The designation recognizes commitment to service learning and community engagement.
The Carnegie Foundation for the Advancement of Teaching again has recognized Texas Tech University for its commitment to community-based
service and outreach initiatives.
Texas Tech is one of 240 U.S. colleges and universities selected by the foundation for its 2015 Community Engagement Classification. The university was one of the original 76 colleges and universities to receive the classification in 2006. Since then, 361 campuses have achieved the designation.
“Texas Tech continues its dedication to service learning and community outreach, and the Carnegie Foundation's recognition underscores that commitment,” said M. Duane Nellis, president of Texas Tech University.”We are honored that the Carnegie Foundation has recognized Texas Tech for its exemplary institutionalized practices of community engagement. The Community Engagement Classification is an exciting move in Carnegie's work to extend and refine the classification of colleges and universities.”
Unlike the foundation's other classifications that rely on national data, this is an “elective” classification – institutions elected to participate by submitting required documentation describing the nature and extent of their engagement with the community, be it local or beyond.
This approach has enabled the foundation to recognize elements of institutional mission and distinctiveness not represented in the national data on colleges and universities.
In order to be selected for the Carnegie Community Engagement designation, institutions must provide descriptions and examples of institutionalized practices of community engagement that show alignment among mission, culture, leadership, resources and practices.
Birgit Green, director of academic engagement and partnerships at Texas Tech, submitted the materials for the university's reclassification application. She said she was proud of the university's community involvement at the local, national and global levels.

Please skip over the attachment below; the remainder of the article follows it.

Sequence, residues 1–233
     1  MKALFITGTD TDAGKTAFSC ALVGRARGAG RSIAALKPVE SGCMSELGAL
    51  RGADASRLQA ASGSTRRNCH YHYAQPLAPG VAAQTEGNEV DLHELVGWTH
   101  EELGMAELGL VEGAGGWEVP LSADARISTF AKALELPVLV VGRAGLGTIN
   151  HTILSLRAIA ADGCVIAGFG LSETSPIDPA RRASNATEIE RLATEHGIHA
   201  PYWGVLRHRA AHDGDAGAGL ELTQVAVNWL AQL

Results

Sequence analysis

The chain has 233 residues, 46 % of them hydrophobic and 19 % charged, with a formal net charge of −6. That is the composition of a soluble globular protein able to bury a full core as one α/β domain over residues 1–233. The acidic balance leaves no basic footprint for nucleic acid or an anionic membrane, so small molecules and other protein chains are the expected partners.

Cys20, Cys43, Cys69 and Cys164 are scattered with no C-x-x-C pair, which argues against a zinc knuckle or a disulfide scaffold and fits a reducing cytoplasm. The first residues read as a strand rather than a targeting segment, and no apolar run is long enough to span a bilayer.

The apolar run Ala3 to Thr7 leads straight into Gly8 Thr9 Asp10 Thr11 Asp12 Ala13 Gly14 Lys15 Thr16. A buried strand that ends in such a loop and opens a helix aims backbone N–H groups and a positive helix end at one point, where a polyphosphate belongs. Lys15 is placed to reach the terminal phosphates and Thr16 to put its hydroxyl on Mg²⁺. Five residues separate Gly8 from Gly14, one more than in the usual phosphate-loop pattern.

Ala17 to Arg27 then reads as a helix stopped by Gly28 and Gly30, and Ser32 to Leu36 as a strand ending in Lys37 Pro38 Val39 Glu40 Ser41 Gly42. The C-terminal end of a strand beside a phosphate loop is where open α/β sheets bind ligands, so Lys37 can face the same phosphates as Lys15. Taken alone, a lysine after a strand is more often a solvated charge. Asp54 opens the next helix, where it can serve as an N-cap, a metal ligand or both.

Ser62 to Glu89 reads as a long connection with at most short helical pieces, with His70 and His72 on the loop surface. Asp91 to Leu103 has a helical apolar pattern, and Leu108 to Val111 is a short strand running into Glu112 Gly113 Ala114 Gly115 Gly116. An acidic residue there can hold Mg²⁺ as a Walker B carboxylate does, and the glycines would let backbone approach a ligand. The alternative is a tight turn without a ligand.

“Our faculty and students, for instance, partner locally with agencies such as the South Plains Food Bank and Link Ministries to address issues of hunger and homelessness in the region while also working with villagers in Africa to help them implement effective agricultural practices for sustainable food supply,” Green said. “These activities improve teaching and learning while also producing research that makes a difference in communities.”
Central to the classification process is a documentation framework developed by a team of advisors to help applicants and reviewers assess the nature of an institution's community engagement commitments.
This year, 241 first-time applicants registered to receive the application, 133 institutions submitted applications and 83 were successfully classified as community engaged institutions. Similarly, 188 campuses were eligible for reclassification, 162 submitted an application and 157 were successfully reclassified.
“This is the first time that there has been a reclassification process,” said Amy Driscoll, consulting scholar for the Community Engagement Classification. “We are seeing renewed institutional commitment, advanced curricular and assessment practices and deeper community partnerships, all sustained through changes in campus leadership and within the context of a devastating economic recession.”
The classification lasts until 2025.